Interfaith Students to Help Educate Prisoners

Kaia Stern, a lecturer at Harvard Divinity School, called the Harvard Interfaith Prison Education program an invaluable step towards fixing a prison system in “crisis” at the program’s official kick-off event Thursday evening.

HIPE, which was founded in November through a partnership between the Harvard Episcopalians and Harvard Hillel, pairs mentors with incarcerated individuals working towards their Bachelor’s Degrees at the Massachusetts Correctional Institution in Norfolk.

Stern, co-founder and director of the Prison Studies Project, first began interest in America’s penal system began in college, and she has been involved in educating inmates ever since. Speaking to HIPE’s volunteers at Hillel on Thursday, Stern, who is also an ordained interfaith minister, shared her personal experiences witnessing the many opportunities and challenges faced by prisoners.

Stern spoke about mass overcrowding and longer imprisonment sentences due to increased commercialization and profit-seeking within the prison system. The issues she touched on, said Harvard’s Episcopal Chaplain Reverend Luther Zeigler, will help HIPE become “sensitive to the overall context” within which it will work.

“While a huge part of this project is building relationships with incarcerated individuals and mentoring them as they pursue their bachelor’s degree, you can add different components such as educating people outside of the program [and] educating ourselves about the prison system in America,” said HIPE co-founder and Divinity School graduate Hilly Haber.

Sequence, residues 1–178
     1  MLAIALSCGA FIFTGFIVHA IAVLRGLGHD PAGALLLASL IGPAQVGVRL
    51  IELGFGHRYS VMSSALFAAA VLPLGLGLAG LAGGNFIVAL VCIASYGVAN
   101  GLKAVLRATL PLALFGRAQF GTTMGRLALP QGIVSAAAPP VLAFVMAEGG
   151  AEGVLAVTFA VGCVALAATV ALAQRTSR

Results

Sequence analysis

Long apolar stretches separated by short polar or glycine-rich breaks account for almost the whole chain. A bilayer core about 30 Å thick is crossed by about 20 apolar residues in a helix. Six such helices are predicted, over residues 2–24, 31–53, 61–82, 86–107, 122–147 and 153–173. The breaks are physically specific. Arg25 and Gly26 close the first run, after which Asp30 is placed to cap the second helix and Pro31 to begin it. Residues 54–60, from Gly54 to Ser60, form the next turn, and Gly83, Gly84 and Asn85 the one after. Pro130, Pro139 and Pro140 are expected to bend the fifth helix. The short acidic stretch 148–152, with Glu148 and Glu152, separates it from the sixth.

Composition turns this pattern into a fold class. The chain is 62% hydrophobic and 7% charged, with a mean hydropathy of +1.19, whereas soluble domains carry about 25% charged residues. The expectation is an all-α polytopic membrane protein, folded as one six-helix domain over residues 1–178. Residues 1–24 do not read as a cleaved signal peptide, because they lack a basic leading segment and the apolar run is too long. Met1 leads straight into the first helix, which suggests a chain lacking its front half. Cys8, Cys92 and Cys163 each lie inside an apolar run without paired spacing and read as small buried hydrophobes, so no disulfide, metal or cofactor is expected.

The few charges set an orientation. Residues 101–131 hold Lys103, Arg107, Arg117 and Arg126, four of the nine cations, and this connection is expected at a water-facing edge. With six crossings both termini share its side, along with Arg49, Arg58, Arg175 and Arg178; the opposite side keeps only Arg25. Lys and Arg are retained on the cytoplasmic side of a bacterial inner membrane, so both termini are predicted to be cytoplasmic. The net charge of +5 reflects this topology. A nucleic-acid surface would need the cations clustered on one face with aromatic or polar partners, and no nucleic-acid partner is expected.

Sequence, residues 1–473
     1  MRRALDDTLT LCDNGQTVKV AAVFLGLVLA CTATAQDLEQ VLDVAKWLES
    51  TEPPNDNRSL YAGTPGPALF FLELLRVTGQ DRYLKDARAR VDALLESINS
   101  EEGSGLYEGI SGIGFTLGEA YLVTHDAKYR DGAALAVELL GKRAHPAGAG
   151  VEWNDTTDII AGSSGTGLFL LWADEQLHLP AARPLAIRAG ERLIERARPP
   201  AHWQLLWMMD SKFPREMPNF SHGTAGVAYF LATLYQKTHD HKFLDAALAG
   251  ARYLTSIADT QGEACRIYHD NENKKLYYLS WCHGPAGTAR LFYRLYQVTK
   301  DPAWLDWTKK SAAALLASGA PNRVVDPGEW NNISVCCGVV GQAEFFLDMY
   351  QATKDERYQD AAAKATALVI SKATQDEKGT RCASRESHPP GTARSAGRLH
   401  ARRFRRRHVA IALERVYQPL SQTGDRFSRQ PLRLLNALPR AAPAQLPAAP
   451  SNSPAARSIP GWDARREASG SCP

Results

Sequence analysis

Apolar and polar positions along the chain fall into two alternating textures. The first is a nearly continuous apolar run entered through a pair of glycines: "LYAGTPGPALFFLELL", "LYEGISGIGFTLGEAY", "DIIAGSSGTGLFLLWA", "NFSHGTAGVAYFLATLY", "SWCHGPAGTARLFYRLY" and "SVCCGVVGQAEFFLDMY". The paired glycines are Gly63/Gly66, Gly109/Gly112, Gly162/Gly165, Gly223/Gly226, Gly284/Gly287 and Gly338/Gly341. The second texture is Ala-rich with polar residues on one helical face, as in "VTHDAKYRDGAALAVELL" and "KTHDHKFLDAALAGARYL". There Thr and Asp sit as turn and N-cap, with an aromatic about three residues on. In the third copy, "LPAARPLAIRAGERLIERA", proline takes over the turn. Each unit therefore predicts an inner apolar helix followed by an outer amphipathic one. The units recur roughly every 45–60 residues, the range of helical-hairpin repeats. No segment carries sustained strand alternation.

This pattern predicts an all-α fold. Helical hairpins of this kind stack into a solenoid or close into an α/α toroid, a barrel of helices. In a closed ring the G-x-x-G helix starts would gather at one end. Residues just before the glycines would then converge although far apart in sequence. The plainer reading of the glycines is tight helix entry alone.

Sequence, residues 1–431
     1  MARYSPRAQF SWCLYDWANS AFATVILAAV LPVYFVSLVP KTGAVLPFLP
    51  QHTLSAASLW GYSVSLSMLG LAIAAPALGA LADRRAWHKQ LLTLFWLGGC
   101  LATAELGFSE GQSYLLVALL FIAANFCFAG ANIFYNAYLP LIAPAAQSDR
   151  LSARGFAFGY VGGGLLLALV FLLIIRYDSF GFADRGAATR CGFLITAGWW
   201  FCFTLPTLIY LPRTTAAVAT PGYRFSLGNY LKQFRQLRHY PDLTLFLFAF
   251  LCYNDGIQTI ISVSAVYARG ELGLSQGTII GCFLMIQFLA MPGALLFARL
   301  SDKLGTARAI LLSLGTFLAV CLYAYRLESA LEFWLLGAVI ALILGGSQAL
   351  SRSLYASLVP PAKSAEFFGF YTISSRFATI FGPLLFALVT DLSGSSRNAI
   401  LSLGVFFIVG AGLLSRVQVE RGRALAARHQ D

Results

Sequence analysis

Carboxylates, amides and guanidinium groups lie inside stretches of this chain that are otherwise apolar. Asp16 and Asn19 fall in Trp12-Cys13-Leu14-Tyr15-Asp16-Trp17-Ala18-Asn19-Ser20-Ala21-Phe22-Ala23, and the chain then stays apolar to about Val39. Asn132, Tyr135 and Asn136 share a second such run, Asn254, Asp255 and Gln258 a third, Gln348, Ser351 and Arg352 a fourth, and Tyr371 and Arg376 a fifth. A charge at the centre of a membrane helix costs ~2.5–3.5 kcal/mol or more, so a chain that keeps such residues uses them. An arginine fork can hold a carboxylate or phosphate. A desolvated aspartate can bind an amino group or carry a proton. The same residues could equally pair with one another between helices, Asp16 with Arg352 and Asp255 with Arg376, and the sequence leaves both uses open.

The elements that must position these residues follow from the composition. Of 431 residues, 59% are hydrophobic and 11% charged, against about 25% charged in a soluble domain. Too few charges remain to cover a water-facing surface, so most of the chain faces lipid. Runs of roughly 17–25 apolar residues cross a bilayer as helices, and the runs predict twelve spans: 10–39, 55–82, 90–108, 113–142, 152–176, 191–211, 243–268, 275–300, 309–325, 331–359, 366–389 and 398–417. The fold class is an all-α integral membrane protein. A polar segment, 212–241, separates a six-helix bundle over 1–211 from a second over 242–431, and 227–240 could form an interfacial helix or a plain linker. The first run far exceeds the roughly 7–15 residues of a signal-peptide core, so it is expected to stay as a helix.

HIPE’s 21 members come from across the University, including the College, the Graduate School of Education, Hillel, the Episcopal Chaplaincy, the Divinity School, the School of Public Health, and the Law School. And unlike other education programs, HIPE emphasizes its interfaith platform.

“There is a theological dimension to what we are doing,” said Zeigler. “We are not only trying to be mentors and friends to these prisoners, but to understand that relationship in the context of our own religious traditions.”

—Staff writer Zohra D. Yaqhubi can be reached at zyaqhubi@college.harvard.edu. Follow her @zohradyaqhubi.

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